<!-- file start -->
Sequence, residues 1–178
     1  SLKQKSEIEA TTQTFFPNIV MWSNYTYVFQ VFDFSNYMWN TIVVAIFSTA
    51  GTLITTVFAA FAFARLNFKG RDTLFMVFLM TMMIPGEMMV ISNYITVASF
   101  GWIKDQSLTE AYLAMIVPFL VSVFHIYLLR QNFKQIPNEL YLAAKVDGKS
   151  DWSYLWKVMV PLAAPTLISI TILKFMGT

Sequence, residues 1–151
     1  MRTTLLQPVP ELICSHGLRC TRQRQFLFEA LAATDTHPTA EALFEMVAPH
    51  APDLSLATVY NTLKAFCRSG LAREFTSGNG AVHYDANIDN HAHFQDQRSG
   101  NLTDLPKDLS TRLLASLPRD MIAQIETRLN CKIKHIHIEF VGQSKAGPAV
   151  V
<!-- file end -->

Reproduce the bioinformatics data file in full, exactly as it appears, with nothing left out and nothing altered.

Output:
Sequence, residues 1–178
     1  SLKQKSEIEA TTQTFFPNIV MWSNYTYVFQ VFDFSNYMWN TIVVAIFSTA
    51  GTLITTVFAA FAFARLNFKG RDTLFMVFLM TMMIPGEMMV ISNYITVASF
   101  GWIKDQSLTE AYLAMIVPFL VSVFHIYLLR QNFKQIPNEL YLAAKVDGKS
   151  DWSYLWKVMV PLAAPTLISI TILKFMGT

Sequence, residues 1–151
     1  MRTTLLQPVP ELICSHGLRC TRQRQFLFEA LAATDTHPTA EALFEMVAPH
    51  APDLSLATVY NTLKAFCRSG LAREFTSGNG AVHYDANIDN HAHFQDQRSG
   101  NLTDLPKDLS TRLLASLPRD MIAQIETRLN CKIKHIHIEF VGQSKAGPAV
   151  V